Late evening on June 7,, 2006, U.S. Special Forces dumped what was left of Abu Musab al-Zarqawi’s corpse onto the floor of the FBI’s work space on an Iraqi military base. While the ISIS mass murderer’s death represented the culmination of months of joint FBI/military operations, no festivity ensued that night. The animated Special Forces colonel who was the project’s intelligence director horsewhipped the agents in a sprint to confirm the biometric identification of the killer’s remains.
Seizing the strategic offensive by shaping a narrative of the terrorist leader’s elimination, rather than forensics minutia, propelled the colonel’s urgency. This type of operational friction conventionally devolves into “stay in your lane” tussles, or worse. But this officer, Michael Flynn, had fostered an unconventionally close relationship with the FBI team.
The connective tissue of that productive partnership was trust. Not the transactionary type so quickly disposed of at the first hint of resource competition or interagency parochialism. Rather, the affinity between Flynn and the FBI team derived from the bond between brothers in arms risking their lives in the crucible of battle.
They worked through the night. The forensic match was made before sunrise.
Unlike my other teammates in Iraq, I had previously encountered Flynn as the FBI liaison representative to Joint Special Operations Command. This unit is home to the most accomplished fighters in the American military.
Of the large cadre of colonels working for then Commanding Gen. Stanley McChrystal, Flynn was primus inter pares. Forward-leaning and imbued with a tremendous appetite for detail, his capacity for managing intelligence was unmatched.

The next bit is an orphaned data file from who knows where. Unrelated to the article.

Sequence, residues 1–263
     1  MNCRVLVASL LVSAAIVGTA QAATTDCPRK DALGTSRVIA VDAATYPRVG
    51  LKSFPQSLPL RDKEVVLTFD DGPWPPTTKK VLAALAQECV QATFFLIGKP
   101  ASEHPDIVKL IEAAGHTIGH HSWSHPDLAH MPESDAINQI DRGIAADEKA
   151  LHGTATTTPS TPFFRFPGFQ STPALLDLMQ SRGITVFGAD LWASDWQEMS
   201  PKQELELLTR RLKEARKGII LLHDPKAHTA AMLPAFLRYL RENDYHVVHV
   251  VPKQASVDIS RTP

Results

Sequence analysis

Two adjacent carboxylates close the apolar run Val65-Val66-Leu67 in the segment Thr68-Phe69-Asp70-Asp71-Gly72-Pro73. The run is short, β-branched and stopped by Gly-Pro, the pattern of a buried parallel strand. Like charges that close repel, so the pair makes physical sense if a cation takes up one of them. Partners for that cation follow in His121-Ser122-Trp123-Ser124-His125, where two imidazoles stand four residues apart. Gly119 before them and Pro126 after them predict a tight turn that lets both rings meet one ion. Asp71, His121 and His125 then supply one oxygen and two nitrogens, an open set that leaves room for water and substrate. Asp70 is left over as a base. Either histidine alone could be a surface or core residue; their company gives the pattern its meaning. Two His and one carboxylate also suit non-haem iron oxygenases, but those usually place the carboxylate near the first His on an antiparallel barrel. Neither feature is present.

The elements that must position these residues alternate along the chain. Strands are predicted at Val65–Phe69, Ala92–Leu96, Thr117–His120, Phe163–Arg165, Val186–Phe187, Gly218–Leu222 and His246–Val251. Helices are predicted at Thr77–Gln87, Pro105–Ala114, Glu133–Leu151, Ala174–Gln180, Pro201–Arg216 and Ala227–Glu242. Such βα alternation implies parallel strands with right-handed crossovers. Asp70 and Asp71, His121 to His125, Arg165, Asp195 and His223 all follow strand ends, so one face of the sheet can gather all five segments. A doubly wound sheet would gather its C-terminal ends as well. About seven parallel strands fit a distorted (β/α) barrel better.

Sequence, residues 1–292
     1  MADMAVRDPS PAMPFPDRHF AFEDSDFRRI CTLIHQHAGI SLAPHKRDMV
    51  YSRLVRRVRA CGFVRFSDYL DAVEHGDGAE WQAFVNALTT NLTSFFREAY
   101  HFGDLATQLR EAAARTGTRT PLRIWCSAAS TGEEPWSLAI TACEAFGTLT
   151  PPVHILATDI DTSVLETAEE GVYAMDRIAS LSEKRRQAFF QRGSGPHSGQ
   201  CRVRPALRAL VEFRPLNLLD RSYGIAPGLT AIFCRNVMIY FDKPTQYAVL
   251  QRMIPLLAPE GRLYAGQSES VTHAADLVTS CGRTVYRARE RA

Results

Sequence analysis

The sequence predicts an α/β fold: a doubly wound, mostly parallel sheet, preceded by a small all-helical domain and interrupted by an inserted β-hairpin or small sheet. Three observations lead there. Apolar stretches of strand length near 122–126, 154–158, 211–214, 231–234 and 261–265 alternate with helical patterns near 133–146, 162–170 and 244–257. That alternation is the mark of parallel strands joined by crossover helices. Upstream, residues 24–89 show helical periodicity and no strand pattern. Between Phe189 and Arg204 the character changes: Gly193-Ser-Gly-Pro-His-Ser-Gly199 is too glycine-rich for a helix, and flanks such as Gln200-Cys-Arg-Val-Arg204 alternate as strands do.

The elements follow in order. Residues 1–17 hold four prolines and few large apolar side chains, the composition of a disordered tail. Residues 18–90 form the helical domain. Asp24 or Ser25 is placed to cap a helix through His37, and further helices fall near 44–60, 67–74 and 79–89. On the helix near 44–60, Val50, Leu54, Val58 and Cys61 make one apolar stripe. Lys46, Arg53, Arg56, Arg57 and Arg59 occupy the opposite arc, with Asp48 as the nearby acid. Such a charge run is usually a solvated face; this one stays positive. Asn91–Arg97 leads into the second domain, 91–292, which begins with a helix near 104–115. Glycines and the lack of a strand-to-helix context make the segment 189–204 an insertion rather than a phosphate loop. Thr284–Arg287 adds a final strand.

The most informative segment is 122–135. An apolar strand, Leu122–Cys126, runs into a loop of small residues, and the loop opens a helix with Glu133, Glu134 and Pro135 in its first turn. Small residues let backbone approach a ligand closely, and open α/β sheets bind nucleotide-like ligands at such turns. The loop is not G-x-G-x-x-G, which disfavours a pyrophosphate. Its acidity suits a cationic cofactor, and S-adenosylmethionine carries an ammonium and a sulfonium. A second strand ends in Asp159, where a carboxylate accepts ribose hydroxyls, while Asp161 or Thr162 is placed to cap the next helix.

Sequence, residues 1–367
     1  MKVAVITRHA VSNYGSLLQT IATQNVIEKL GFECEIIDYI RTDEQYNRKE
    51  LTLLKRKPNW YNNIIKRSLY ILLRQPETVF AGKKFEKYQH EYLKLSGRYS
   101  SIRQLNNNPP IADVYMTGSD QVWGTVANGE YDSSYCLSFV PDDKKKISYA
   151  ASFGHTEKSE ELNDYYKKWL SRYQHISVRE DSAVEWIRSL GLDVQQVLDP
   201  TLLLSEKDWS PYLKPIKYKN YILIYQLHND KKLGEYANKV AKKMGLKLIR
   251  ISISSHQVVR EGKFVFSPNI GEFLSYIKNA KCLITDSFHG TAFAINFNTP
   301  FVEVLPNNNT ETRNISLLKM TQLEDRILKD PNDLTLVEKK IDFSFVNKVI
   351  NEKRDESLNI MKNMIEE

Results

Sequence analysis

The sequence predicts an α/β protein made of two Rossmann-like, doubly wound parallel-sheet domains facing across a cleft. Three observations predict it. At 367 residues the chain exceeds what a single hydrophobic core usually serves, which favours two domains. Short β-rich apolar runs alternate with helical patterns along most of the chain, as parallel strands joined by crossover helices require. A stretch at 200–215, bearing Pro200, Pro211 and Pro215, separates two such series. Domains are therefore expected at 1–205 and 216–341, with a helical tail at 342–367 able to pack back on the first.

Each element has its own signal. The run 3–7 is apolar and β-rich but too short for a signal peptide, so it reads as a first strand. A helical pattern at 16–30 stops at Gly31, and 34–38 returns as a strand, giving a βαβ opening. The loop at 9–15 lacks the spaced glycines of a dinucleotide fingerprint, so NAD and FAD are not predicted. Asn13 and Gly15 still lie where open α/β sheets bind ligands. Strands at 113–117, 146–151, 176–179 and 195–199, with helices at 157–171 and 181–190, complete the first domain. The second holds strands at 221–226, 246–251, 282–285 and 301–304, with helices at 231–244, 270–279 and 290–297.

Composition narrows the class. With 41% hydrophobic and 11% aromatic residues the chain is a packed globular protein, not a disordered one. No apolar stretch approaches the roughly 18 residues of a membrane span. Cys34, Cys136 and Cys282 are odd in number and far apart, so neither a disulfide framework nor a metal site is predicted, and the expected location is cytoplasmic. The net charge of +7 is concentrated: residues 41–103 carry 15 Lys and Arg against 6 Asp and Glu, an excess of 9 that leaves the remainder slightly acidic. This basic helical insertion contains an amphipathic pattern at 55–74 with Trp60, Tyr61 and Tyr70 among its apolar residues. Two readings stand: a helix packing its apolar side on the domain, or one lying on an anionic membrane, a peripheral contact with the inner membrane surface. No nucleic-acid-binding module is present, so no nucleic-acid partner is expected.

The JSOC’s combat philosophy was a devout catechism of combined effects exceeding the sum of their parts. An inveterate teambuilder, Flynn’s conviction for deeds over words drew critical buy-in from external partners. The result was a robust synergism that proved lethal to America’s foes.
A decade later, a retired lieutenant general Flynn transitioned from his second career as a savvy policy commentator, and a less-than-savvy K Street merchant, to throwing in with a pit crew during the demolition derby that was the 2016 U.S presidential election.
Then arrived an ominous apparition that haunted our national psyche for the next four years. Russian spooks, aided by saboteurs from the Trump campaign, were imagined to have subverted the paragon of our democratic system, a free and fair election. This phantasm dwelled in the hearts of Donald Trump’s most strident political adversaries. More troubling, it lurked in the fevered ideations of our national security, legislative leadership, and justice system.
This all changed after a gush of declassified transcripts and affidavits began flowing into daylight. Through the clarity of original source documents and sworn testimony, the allegations of “foreign collusion” evaporated under facts, giving way to a shockingly egregious pattern of governmental abuse.